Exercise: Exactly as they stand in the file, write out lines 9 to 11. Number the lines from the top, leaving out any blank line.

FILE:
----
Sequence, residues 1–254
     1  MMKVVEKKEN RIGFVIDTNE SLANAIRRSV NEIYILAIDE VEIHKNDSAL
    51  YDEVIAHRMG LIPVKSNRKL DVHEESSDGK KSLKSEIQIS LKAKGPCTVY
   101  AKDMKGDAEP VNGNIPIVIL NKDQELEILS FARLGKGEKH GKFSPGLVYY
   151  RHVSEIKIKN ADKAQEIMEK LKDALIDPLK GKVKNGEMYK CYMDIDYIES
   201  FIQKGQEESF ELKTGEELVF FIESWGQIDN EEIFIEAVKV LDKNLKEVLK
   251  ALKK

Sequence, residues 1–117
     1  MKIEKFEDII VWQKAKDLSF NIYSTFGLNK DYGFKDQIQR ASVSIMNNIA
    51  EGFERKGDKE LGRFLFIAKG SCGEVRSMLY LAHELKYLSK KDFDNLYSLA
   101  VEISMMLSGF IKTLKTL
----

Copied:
     1  MKIEKFEDII VWQKAKDLSF NIYSTFGLNK DYGFKDQIQR ASVSIMNNIA
    51  EGFERKGDKE LGRFLFIAKG SCGEVRSMLY LAHELKYLSK KDFDNLYSLA
   101  VEISMMLSGF IKTLKTL